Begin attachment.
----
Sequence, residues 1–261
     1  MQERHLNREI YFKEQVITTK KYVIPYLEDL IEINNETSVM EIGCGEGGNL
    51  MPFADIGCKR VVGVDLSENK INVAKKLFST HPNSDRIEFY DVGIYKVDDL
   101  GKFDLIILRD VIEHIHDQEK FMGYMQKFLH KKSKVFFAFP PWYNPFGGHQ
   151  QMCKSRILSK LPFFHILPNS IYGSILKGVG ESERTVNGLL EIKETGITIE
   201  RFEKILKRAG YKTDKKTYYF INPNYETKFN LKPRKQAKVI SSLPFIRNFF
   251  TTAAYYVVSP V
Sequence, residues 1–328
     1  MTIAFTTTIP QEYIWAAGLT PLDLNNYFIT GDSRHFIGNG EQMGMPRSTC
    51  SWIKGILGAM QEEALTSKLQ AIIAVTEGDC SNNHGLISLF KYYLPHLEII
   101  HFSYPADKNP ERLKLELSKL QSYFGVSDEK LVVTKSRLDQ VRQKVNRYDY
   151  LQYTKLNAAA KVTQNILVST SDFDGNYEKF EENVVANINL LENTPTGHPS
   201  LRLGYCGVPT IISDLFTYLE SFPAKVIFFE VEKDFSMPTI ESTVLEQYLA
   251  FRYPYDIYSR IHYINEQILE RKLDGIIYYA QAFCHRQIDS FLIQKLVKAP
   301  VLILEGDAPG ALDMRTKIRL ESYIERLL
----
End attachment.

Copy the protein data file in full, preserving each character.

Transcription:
Sequence, residues 1–261
     1  MQERHLNREI YFKEQVITTK KYVIPYLEDL IEINNETSVM EIGCGEGGNL
    51  MPFADIGCKR VVGVDLSENK INVAKKLFST HPNSDRIEFY DVGIYKVDDL
   101  GKFDLIILRD VIEHIHDQEK FMGYMQKFLH KKSKVFFAFP PWYNPFGGHQ
   151  QMCKSRILSK LPFFHILPNS IYGSILKGVG ESERTVNGLL EIKETGITIE
   201  RFEKILKRAG YKTDKKTYYF INPNYETKFN LKPRKQAKVI SSLPFIRNFF
   251  TTAAYYVVSP V
Sequence, residues 1–328
     1  MTIAFTTTIP QEYIWAAGLT PLDLNNYFIT GDSRHFIGNG EQMGMPRSTC
    51  SWIKGILGAM QEEALTSKLQ AIIAVTEGDC SNNHGLISLF KYYLPHLEII
   101  HFSYPADKNP ERLKLELSKL QSYFGVSDEK LVVTKSRLDQ VRQKVNRYDY
   151  LQYTKLNAAA KVTQNILVST SDFDGNYEKF EENVVANINL LENTPTGHPS
   201  LRLGYCGVPT IISDLFTYLE SFPAKVIFFE VEKDFSMPTI ESTVLEQYLA
   251  FRYPYDIYSR IHYINEQILE RKLDGIIYYA QAFCHRQIDS FLIQKLVKAP
   301  VLILEGDAPG ALDMRTKIRL ESYIERLL